Raymond Morua appeared in court Tuesday morning, but his arraignment was postponed until Friday
Paul Wellman

Mallory Rae Dies, the 27-year-old victim of a DUI hit-and-run collision last Friday in downtown Santa Barbara, was declared dead at Cottage Hospital at 3:15 p.m. today, authorities said. The man charged with hitting her then driving away, 32-year-old Raymond Morua, has been charged with murder, vehicular manslaughter, and fleeing the scene of a crime. Dies suffered severe head trauma in the accident, and was on life support for much of her care.

Morua was re-booked in County Jail on the new charges — he has remained in custody since the incident, but was facing less serious counts until Dies passed away — and is scheduled to be arraigned in Superior Court this Friday. He is now being held without bail. Morua appeared in court Tuesday morning for an arraignment on his original charges, but his attorney, Sam Eaton, successfully petitioned Judge Thomas Adams to delay the hearing. Eaton has declined requests for comment.

Prosecutor Arnie Tolks said what degree of murder charge Morua faces will be determined during the case’s next phases, but explained it’s common for defendants in fatal DUI incidents to be prosecuted for second degree murder. Unlike first-degree murder — which requires that a killing be willful or premeditated — second-degree murder is defined by “malice aforethought,” Tolks said, noting “malice aforethought” can include gross negligence and reckless behavior with no regard for human life. In such cases, Tolks when on, a defendant’s history as it relates to driving under the influence plays a factor in their prosecution.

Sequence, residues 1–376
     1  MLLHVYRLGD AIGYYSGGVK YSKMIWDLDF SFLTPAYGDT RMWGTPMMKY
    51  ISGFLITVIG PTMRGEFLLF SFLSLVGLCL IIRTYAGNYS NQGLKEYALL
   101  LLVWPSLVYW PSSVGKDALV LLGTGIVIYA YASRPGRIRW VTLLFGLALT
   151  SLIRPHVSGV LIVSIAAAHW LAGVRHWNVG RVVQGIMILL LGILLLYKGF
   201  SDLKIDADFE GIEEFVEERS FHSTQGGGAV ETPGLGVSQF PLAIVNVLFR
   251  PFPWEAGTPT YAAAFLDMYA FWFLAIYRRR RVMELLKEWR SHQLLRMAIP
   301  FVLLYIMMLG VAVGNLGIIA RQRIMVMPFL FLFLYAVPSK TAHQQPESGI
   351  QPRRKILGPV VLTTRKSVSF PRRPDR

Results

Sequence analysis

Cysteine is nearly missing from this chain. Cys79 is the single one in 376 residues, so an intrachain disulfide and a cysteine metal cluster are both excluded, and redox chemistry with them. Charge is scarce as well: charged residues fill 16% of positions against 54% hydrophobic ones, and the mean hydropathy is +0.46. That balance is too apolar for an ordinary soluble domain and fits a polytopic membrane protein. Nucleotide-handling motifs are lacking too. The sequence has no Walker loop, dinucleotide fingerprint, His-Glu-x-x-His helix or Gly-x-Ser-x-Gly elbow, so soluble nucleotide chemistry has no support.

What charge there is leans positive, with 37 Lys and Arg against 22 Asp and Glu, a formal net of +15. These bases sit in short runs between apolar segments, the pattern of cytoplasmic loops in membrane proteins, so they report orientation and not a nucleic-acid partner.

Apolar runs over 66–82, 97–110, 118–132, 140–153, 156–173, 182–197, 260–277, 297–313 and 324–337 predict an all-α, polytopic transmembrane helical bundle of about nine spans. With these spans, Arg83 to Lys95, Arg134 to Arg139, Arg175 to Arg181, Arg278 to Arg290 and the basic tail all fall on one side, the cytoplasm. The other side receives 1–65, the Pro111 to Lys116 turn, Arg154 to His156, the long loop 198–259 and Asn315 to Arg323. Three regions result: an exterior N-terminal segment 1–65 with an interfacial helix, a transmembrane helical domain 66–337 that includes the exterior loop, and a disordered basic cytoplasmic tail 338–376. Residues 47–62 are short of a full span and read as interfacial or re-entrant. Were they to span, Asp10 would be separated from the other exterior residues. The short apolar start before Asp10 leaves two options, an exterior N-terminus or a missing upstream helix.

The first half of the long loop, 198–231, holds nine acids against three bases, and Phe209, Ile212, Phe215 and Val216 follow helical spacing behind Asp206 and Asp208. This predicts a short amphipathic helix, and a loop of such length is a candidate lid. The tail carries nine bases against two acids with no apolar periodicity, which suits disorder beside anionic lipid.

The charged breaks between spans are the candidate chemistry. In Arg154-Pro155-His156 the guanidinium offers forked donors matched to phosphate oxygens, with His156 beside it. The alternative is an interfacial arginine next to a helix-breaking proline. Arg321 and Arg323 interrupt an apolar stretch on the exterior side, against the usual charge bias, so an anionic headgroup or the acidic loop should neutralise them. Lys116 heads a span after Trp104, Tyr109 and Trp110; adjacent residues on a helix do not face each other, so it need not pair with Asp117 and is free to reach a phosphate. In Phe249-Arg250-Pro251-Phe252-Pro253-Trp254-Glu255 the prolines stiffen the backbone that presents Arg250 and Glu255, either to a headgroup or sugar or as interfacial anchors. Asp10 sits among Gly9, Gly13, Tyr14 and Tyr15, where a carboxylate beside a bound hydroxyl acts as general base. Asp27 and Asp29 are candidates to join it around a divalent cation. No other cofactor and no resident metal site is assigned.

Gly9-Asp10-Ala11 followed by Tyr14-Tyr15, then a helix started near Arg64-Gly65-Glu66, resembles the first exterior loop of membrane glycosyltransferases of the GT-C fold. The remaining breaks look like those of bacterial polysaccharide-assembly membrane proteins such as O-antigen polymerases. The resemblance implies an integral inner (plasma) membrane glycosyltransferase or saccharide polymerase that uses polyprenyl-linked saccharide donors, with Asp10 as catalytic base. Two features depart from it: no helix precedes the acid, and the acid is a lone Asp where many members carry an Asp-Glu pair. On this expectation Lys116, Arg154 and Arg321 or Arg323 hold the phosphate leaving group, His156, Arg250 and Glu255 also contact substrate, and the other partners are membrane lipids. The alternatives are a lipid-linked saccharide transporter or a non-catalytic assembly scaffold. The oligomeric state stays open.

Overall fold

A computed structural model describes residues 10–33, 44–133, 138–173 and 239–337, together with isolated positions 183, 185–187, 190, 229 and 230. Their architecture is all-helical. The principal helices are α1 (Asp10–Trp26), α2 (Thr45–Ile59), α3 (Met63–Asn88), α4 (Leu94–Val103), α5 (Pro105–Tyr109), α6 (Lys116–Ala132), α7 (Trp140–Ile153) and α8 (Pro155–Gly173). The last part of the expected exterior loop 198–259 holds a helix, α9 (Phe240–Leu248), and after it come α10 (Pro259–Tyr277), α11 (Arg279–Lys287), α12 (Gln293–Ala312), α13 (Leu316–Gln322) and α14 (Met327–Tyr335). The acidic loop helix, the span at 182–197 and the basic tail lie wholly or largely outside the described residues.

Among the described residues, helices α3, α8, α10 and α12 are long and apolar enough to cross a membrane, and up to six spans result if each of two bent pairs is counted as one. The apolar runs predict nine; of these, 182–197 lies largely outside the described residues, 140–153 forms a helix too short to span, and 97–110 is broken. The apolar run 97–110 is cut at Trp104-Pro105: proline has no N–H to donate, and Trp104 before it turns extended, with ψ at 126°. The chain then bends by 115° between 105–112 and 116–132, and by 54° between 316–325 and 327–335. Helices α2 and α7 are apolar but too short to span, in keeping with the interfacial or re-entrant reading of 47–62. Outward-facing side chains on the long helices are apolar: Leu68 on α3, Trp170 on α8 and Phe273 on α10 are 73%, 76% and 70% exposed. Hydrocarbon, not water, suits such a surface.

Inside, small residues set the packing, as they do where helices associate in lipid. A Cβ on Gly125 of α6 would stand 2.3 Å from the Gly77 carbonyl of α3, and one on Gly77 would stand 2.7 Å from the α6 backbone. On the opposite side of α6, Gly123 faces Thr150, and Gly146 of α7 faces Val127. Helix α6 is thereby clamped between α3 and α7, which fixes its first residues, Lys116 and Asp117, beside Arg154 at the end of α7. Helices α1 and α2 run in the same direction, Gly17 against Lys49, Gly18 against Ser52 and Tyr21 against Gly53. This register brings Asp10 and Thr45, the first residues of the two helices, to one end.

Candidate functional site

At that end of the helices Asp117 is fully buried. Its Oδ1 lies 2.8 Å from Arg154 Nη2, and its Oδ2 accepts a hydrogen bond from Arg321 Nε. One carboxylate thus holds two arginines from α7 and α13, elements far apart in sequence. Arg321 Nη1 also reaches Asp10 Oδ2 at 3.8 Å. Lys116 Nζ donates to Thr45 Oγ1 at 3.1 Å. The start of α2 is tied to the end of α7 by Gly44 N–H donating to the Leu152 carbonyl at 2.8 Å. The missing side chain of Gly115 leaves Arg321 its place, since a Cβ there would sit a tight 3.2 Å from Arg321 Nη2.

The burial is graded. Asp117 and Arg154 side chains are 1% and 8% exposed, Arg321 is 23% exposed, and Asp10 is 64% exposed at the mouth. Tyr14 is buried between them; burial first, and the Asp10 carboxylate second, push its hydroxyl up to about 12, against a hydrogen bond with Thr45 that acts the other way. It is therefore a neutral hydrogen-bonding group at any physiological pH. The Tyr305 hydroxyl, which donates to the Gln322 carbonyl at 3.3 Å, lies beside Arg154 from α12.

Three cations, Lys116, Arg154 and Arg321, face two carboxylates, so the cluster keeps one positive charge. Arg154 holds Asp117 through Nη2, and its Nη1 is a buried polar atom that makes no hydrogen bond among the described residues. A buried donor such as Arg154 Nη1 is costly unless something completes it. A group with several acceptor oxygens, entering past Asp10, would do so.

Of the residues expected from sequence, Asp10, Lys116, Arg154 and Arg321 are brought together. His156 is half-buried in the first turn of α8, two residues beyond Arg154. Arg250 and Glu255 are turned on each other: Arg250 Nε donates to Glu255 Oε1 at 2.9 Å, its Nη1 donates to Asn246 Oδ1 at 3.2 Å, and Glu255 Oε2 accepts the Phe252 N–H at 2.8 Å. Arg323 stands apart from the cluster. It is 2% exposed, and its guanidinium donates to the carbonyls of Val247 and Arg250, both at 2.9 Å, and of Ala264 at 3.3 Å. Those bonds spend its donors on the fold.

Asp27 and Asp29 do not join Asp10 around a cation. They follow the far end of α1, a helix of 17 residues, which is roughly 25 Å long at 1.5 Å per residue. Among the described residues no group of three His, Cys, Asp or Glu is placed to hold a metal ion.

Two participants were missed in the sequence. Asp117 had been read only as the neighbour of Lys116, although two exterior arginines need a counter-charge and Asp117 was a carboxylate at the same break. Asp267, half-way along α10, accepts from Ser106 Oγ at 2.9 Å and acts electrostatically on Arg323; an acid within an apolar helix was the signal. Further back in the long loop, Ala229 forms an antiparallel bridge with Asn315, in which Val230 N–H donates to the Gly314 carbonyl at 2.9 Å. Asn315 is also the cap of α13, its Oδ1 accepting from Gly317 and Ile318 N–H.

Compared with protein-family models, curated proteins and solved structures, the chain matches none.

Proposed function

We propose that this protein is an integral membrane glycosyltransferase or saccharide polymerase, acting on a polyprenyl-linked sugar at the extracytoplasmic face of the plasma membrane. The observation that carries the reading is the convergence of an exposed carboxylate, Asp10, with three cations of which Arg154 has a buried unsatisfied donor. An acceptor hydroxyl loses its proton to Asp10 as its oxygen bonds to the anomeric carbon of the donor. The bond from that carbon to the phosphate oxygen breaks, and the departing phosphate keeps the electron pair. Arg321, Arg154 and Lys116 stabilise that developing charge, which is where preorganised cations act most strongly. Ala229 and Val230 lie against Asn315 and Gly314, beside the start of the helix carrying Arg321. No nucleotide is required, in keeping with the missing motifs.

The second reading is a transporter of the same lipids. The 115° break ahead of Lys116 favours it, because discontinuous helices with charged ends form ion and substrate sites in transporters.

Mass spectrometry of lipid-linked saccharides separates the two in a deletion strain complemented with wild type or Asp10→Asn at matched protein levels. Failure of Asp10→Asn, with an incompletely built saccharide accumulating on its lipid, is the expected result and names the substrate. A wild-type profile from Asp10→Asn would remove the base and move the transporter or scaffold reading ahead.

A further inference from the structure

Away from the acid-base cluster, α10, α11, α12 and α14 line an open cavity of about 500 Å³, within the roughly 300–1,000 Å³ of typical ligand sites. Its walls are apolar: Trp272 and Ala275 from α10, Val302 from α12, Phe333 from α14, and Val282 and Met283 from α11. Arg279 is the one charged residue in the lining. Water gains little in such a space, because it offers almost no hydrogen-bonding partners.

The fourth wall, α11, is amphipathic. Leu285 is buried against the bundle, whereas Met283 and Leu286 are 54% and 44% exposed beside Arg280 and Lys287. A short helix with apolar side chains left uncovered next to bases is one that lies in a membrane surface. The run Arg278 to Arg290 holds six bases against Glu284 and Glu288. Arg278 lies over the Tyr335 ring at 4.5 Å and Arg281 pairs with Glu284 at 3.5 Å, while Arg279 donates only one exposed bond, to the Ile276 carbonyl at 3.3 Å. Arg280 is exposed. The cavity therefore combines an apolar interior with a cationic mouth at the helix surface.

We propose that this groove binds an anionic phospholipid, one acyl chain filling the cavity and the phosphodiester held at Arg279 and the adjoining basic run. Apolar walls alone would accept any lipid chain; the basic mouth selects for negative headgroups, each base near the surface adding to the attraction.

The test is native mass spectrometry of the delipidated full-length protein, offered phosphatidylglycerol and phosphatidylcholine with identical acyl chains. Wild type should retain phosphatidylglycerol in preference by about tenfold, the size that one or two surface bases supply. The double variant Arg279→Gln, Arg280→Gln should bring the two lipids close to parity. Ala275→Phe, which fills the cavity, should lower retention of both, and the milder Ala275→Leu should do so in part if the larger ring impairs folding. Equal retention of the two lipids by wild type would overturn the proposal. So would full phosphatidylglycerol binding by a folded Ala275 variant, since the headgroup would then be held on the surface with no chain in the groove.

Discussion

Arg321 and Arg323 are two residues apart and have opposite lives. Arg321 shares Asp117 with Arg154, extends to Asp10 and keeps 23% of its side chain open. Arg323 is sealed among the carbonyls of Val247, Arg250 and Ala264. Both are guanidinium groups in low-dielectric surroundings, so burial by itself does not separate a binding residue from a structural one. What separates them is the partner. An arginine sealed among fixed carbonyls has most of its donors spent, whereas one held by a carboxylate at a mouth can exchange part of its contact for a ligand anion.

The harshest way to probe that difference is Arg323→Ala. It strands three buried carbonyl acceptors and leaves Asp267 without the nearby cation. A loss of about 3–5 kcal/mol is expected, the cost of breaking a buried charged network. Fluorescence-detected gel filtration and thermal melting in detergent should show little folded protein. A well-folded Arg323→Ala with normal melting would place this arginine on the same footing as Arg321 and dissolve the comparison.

As The Santa Barbara Independent first reported on Monday, Morua has a criminal record that includes two prior DUI convictions as well as a previous hit-and-run conviction. He also served time in County Jail for grand theft by embezzlement after he and a co-worker were caught re-using redeemed coupons at Kmart. Morua had been a district representative for Congresswoman Lois Capps since 2011 until he was fired on Sunday. According to Capps’s representatives, the office did not routinely conduct criminal background checks as part of its hiring practices, but is currently re-examining its vetting procedures.

Capps press secretary Chris Meagher issued this statement Wednesday afternoon on behalf of the congresswoman: “Words cannot express the sadness I feel over the death of Mallory Rae Dies. This tragedy tugs at the heart of all of us in the community. It is clear that Mallory brought light into the many hearts of those who knew her. This senseless — and avoidable — tragedy is one that all of us in the Santa Barbara community will struggle with for a long time. I know firsthand what it feels like to lose a child. That anguish is something that no parent should face. My prayers are with her parents and all those who mourn today. I wish her, her family, and her friends peace.”


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